No, I’m not talking about that tag you see at the end of any JJ Abrams production (LOST, the Star Trek reboots, countless other films & TV shows). I’m talking about those pesky automated web agents (AKA “bots”) that are constantly hitting websites every single day. But, why is that? One can’t always be sure, but we do know that they're out there, and they could very well be throwing off your site traffic and eating up bandwidth.
A couple of months ago, we noticed that some of our clients had a serious uptick in traffic. Unfortunately, we also saw a spike in bounce rates, which Google defines as the percentage of single page visits to your site. There could be many reasons for why a site has a high bounce rate, one of which being a site design that's not very user friendly, which can discourage users from sticking around.
It could be that your paid search ads are leading to landing pages that aren’t consistent with the messaging of those ads, and this can lead to an end user being unsatisfied and ditching you after they click through (we can definitely help you with that!).
Maybe you're getting a lot of bad traffic from a (ro)bot - a content scrapping bot - or a bot trying to harvest info for a number of malicious purposes. Either way, one thing is for sure - too much of this could skew your web analytics and lead you to believe that your site is underperforming. A spike in automated bot traffic can also lead you to think that there is something wrong with the aforementioned bounce rate.
Another new client of ours asked us to look into a period when their overall site conversion rate seemed to tank. After some investigation, we discovered what all of these clients had in common—an abnormal spike in traffic at around the same time. More specifically, all of this traffic was directed to the homepage, and even MORE specifically, it was direct traffic (no referrer) from the city of Ashburn, VA.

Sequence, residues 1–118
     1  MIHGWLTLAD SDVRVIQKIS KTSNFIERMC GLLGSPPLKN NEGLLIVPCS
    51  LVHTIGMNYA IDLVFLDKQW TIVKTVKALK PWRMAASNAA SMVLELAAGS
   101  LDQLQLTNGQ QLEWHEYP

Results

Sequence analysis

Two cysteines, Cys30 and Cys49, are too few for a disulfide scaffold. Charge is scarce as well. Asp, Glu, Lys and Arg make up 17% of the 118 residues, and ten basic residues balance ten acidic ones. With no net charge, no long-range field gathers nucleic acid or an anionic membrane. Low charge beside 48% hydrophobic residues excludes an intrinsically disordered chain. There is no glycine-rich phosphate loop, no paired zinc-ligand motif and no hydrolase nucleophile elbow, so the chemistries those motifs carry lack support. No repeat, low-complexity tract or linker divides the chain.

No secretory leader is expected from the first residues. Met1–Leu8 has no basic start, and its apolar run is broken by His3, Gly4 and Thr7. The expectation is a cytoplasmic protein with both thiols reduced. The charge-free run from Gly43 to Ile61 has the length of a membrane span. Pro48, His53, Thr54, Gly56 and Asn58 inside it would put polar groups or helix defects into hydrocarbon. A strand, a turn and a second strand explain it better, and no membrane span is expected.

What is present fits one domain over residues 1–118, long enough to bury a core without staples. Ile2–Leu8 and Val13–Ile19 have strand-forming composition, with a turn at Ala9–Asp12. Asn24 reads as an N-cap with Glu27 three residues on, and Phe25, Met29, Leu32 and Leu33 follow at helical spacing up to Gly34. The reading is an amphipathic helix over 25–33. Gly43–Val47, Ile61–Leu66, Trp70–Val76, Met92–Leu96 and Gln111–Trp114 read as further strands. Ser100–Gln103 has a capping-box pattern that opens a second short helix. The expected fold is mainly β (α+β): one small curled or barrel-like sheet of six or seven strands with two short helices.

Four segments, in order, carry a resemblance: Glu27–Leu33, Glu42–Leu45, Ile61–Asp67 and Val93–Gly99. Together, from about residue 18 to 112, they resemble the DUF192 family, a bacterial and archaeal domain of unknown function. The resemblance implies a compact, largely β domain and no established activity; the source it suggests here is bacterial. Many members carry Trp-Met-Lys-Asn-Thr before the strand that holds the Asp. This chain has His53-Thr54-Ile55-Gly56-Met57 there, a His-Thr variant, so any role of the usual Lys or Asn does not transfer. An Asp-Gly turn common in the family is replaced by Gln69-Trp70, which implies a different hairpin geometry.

Strange, right? After doing a little more research, we found that it just so happens that some of Amazon’s servers reside there—in particular, Amazon’s Web Services, including its cloud computing service. At first we wondered why in the world Amazon would be sending out all these bots, but after a little more digging, we found that the more likely reason is NOT that Amazon itself is behind this, but it's instead entities that are using Amazon web servers in order to cover their own tracks.
So now that we have identified the bad robot traffic, what do we do next?
If you are using Google Analytics, the first thing to do is to filter out traffic from known bots & spiders. To do this, simply go to your Google Analytics Admin-> View Settings-> then look for the Bot Filtering check box, and check it. (See below)
Check out these traffic/bounce numbers in the 4 weeks after we filtered out bots, compared to the previous 4 weeks:
Our analytics data started normalizing the very next day, and it continues to do so. As much as I would love to say that Big Squid was responsible for a 13,490.02% increase in conversion rates of any kind, it’s pretty obvious that in addition to whatever nefarious purposes those bots originally had, it was also throwing off data that we use to help our clients get the most out of their marketing initiatives.
We were able to make sense of the bigger picture, and we were left with better usability data, but we aren’t patting ourselves on the back. Yes, we do have a clearer idea of bounce rates, but what are we going to do to improve that? We have a better grasp on overall site conversion rates, but what channels are driving that success? How can we capitalize on this cleaner web traffic data?
We will save that for another day, but in the true spirit of JJ Abrams’ BAD ROBOT productions, we will leave you with this ending… turns out, Andrés wasn’t LOST in web analytics data. It was all just a dream.